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Originally posted by no_one:

</font><blockquote>quote:</font><hr />Originally posted by Andreas:

</font><blockquote>quote:</font><hr />Originally posted by no_one:

JonS,

Thank you for your input.

However,you are apparently a very strange individual(more ways than one)that has trouble differentiating between the game of CM and real life.

And you are apparently an offensive git. But I see that does not seem to bother you either. :rolleyes: </font>
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Originally posted by Michael Dorosh:

I wouldn't mind so much if one could at least transfer terrain AND forces from one map to the next, and do a manual drawing of front lines, but we were denied that too....too bad. The CMX2 "ops" sounded pretty tantalizing though.

We already talked about that but... although it's not the panacea, troops importation (on PBEM I believe), when done along certain lines, does allow some flexibility.

As for me, I'm like MikeyD: was quite fond of ops in my BO days, but it dried up a bit... I think I had it after a 14 battles op against my regular PBEM buddy. We played this one over what, two years and a half? I had about two reinforced battalion worth of Canadian troops plus armored support. YEEEHAAAAH!

Cheers

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  • 3 weeks later...

Teleporting units is ridiculous. Plain and simple.

Maps are full of pit falls. Terrain features, lack of roads, mud, choke points, etc. Logistics is as much a part of the battle as the fighting. To just ignore all of these would be missing part of the challenge.

Granted -- some ops can be tremendously huge and moving one hundred units forward over a large map is tedious. But still, it would be worse to just plunk a couple of companies in the line without making them risk an artillery barrage as they move forward... or being seen by the enemey and tipping off an intention to attack.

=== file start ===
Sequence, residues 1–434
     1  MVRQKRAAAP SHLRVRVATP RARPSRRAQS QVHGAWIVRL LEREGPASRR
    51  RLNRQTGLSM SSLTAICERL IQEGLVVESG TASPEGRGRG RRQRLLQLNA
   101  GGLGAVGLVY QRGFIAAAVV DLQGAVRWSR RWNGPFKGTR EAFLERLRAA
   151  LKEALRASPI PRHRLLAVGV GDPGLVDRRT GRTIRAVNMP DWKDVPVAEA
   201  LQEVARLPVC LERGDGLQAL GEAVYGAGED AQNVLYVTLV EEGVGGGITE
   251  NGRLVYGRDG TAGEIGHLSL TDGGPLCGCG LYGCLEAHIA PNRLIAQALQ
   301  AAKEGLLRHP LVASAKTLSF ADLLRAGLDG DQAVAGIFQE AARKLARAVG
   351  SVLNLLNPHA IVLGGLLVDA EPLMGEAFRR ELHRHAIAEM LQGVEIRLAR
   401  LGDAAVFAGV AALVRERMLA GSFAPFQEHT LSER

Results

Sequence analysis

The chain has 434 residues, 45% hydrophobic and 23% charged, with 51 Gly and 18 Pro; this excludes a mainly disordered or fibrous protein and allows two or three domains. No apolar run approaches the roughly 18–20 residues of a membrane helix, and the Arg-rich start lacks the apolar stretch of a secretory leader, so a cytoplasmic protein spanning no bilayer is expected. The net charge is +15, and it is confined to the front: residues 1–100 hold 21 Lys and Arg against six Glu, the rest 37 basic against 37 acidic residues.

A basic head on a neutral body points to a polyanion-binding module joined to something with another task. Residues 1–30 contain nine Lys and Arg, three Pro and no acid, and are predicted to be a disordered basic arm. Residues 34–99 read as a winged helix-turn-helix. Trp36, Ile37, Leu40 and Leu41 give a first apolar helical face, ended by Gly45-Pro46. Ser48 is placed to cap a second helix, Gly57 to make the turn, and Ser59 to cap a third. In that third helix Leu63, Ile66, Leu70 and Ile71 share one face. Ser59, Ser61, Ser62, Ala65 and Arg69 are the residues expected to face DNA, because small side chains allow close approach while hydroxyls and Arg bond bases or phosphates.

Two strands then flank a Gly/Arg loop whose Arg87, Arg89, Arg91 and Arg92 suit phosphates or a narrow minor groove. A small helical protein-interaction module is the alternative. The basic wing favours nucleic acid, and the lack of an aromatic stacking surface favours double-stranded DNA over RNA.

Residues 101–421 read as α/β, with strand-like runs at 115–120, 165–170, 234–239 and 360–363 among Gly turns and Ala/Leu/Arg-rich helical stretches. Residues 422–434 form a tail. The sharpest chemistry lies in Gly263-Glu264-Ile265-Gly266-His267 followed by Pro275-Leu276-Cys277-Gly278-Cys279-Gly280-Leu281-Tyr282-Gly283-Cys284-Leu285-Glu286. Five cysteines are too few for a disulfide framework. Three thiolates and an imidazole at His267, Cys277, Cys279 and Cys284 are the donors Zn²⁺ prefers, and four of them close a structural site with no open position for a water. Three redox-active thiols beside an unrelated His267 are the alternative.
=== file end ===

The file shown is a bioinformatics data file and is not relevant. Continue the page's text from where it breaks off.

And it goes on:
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Ok,I have to know more.How did it take place in real life?Did frontline units advance non-stop until dead or completely out of ammo?

In the case of the latter,what would they do to get resupplied?Would they just sit there until supply came to them?Would they fall back and get supplied/reinforced and go back to the front?

What was done with the wounded?

How did reinforcements get to the front if the advancing units never stop?I know that transports weren't always available,so did the reinforcements sprint really long distances to catch up...vehicles drive at break neck speeds?How could any of them catch up while risking an arty barrage?Maybe because the way had been cleared by the forces that have already gone through the area?

I am not making an argumnet here;I genuinely want to know.Regardless of what the answer is,I will still play it the way I currently do.

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Now that I think of it,maybe both concepts should be thrown out.

The way I picture how it happened most of the time in real life--the frontline units would get relieved by reinforcements that would continue the attack/counter attack.Then the once frontline units would either sit and wait for resupply,or fallback and get it.

The best work around would then,IMHO,be to fall back most frontline ATTACKING units and replace them(as closely as possible)with reinforcements.Defenders are a different story.Unless counter-attacking,frontline units should have to stay put,BUT reinforcements should be able to be brought up(within reason)for the next battle.It is up to the defender how close he wants to place them.

There is absoulutely no reason why attacking reinforcements have to stay at the back of the map in the next battle.The advancing units have already cleared the way,and there should(if done properly)be very little to no resistance stopping them.Not to mention the fact that it is very unrealistic to have ALL additional reinforcements to show up all at once and in a tight little wad.They would/should arrive over the course of a battle,every battle.

[ June 03, 2005, 05:22 PM: Message edited by: no_one ]

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Originally posted by no_one:

</font><blockquote>quote:</font><hr />Originally posted by Andreas:

</font><blockquote>quote:</font><hr />Originally posted by no_one:

JonS,

Thank you for your input.

However,you are apparently a very strange individual(more ways than one)that has trouble differentiating between the game of CM and real life.

And you are apparently an offensive git. But I see that does not seem to bother you either. :rolleyes: </font>
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Originally posted by no_one:

Ok,I have to know more.How did it take place in real life?Did frontline units advance non-stop until dead or completely out of ammo?

Try reading some books, or better yet, go sign on the dotted line like JonS did (or for that matter Andreas and myself). Not that we pretend to have been in WW II, or in my case at least to have ever served operationally, but in all honesty it does open one's eyes to the difference between theory and practice.